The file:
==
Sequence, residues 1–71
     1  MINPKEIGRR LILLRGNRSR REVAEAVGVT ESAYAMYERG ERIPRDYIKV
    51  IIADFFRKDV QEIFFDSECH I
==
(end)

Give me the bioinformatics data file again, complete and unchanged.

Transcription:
Sequence, residues 1–71
     1  MINPKEIGRR LILLRGNRSR REVAEAVGVT ESAYAMYERG ERIPRDYIKV
    51  IIADFFRKDV QEIFFDSECH I